AM: I think what we mean when we say “we all should dance” is a call to make sure we celebrate the positive in our lives. It is easy to have the devastating tragedies dominate the way we think about Nunavut. Whether it is another young person taking their own life, or the dysfunction of some parts of the government, it can easily become overwhelming.

When we focus too much on this we forget the amazing stories, personalities, and experiences that we have here that would never happen anywhere else. If we don’t celebrate the beauty of this place we won’t ever be able to find strength to change the shit we don’t like. Plus we find that we see the most amazing dance moves from the folks that are the most hesitant to dance at our shows so we always have to prod them a bit to get up on the dance floor.

NN: The Jerry Cans were named in the top 20 fold & roots shows in Toronto this summer by You’re also the first Nunavut band ever to play at the Toronto music festival, NXNE. The band has come a long way in a short period of time, but do you think The Jerry Cans can make it into the Canadian mainstream music scene?

AM: I am not too sure if we will make it to the mainstream of music. We love what we do and I think the highlights of our music careers often come when we are performing in the communities, signing autographs on young kids beautiful parkas (sorry to all the seamstress mothers out there).

We always talk about being proud to sing in Inuktitut and I think the most proud moments of our time playing music are stories of young people saying shit like “I love Inuktitut music!” or going to school proud after a lunch of seal meat… We try to send a very clear message: you should be proud of your grandparents, proud to hunt, proud to be from Nunavut, proud to speak Inuktitut. I think it can be empowering to hear that.

All that said, we really like sharing with the south but our roles are different when we play down there. First off its way hotter down there so we sweat more. But we also act more as ambassadors, explaining how delicious seal meat is to vegans, explaining that suicide in Nunavut is more than a news story.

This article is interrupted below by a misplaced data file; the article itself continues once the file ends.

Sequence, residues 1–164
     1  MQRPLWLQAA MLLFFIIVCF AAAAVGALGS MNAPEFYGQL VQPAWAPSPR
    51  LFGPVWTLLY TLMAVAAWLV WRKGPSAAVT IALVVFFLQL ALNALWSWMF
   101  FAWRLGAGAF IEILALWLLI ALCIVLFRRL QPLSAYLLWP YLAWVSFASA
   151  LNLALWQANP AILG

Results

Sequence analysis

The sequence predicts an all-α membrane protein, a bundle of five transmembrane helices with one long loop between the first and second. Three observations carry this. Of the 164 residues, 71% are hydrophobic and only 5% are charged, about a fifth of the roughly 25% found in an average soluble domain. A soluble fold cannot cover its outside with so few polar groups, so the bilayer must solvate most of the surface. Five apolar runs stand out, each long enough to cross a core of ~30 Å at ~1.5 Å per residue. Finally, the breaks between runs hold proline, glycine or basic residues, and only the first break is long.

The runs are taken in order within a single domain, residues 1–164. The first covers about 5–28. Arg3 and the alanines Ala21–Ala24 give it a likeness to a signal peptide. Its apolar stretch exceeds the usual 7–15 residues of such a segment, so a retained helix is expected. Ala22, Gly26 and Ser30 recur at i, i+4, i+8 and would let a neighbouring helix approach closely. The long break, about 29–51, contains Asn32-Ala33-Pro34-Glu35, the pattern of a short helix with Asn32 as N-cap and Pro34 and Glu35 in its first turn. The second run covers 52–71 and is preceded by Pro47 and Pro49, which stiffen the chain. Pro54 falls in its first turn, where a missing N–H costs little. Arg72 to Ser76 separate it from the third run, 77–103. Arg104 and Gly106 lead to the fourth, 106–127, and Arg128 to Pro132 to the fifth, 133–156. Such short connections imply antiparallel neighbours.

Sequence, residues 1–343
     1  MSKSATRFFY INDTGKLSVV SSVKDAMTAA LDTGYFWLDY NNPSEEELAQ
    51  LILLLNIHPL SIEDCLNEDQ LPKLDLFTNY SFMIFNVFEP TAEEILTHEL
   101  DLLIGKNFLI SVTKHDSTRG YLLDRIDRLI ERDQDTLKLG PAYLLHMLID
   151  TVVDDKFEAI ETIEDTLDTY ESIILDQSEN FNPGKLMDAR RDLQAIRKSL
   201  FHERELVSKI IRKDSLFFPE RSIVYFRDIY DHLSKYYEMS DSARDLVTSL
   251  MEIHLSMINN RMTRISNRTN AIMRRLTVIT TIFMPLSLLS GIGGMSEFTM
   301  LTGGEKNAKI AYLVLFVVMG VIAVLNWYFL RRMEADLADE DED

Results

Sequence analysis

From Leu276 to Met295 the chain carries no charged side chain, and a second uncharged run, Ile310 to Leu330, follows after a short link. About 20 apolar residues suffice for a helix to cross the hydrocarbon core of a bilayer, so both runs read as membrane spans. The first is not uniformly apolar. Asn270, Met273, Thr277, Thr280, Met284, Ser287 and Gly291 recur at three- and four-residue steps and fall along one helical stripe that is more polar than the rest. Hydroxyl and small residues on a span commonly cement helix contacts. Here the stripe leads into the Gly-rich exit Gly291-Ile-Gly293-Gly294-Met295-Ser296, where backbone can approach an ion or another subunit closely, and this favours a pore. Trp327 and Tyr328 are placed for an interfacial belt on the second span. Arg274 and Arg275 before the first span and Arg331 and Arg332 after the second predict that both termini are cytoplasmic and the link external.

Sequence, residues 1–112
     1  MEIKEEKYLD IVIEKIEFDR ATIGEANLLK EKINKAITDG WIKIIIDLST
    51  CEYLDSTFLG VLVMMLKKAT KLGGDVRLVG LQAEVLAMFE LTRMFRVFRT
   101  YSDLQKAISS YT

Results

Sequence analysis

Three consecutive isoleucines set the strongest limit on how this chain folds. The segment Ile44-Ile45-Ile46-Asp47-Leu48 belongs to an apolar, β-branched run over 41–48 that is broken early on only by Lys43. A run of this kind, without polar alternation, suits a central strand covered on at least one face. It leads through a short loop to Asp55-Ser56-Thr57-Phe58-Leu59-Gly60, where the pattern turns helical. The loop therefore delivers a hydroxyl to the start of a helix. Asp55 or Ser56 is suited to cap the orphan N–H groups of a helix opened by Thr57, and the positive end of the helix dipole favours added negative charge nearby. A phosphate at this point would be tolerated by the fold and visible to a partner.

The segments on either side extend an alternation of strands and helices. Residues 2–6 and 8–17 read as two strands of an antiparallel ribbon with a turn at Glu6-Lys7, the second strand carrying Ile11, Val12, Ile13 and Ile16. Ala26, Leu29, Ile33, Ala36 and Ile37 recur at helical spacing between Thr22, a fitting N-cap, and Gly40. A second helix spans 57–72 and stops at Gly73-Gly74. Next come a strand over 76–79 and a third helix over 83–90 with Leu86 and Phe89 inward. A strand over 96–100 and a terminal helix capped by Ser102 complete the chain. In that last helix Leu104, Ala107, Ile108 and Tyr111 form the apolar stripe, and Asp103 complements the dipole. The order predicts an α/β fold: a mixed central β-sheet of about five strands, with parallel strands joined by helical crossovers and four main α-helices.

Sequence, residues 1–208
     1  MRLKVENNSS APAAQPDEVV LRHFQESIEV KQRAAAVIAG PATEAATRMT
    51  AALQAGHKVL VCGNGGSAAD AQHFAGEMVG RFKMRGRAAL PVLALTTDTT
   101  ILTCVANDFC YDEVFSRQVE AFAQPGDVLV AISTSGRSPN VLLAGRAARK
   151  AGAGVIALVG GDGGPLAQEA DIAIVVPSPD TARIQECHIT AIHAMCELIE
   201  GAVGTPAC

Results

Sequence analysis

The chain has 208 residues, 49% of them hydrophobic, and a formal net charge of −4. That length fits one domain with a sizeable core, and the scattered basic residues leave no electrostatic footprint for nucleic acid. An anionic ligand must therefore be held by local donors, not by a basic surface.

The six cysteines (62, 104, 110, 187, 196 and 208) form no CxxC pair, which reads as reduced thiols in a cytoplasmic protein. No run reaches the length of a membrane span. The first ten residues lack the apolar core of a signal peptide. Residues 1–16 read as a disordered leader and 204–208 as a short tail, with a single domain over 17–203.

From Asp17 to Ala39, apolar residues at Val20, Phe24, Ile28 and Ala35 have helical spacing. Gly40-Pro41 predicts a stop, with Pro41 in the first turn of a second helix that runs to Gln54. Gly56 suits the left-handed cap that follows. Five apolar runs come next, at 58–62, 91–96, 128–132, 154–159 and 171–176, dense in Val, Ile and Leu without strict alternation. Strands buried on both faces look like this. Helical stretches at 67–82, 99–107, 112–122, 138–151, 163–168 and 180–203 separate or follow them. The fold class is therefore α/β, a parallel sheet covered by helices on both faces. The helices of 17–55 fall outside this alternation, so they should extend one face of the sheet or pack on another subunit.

NN: You say the songs aim to celebrate, preserve and promote northern culture. Does a northern culture, a northern sound, have the potential to blossom in places like Ottawa and Toronto?

AM: People are so interested in the North I think there is a genuine interest in what we do. There are so few avenues to learn about the North it is a shame really. We always get a pretty great response from the south especially on the ol’ seal hunt as most of them have never heard the other side. When I tell people that Nancy’s dad would feed 15 people everyday with seal after seal — which means they weren’t buying $45 cheese whiz — they really have a different perspective.

NN: What sort of reception did you get from the crowds in Ottawa and Toronto? What reception do you usually get outside of Nunavut?

AM: The reception was alright! Just as we expected, reunion of all ex-pat northerners which is always awesome.

NN: I saw you guys play at the curling rink in Iqaluit for the Nunavut album release and cancer research fundraiser, and you killed it. Great stage presence, nice banter with the crowd, and you looked like rock stars with those The Jerry Cans sunglasses. Do you feel as if the band has “made it” in a sense?

AM: Oh I don’t think we have made it yet. We haven’t played in Pang! Or Arviat! These are like the New York and Tokyo of Nunavut. Once we have hit all the right spots in our own backyard we can say we have made it.

NN: What’s your favourite song you like playing live off the new album?

AM: My favourite song is “I don’t mind.” I think it’s funny to sing in Inuktitut and then sing about singing in Inuktitut. I always try to write about shit that is really going on in my life because I can sing it with more… gusto.

You can find the new Jerry Cans album at the Nunatta Sunakkutaangit Museum and on iTunes.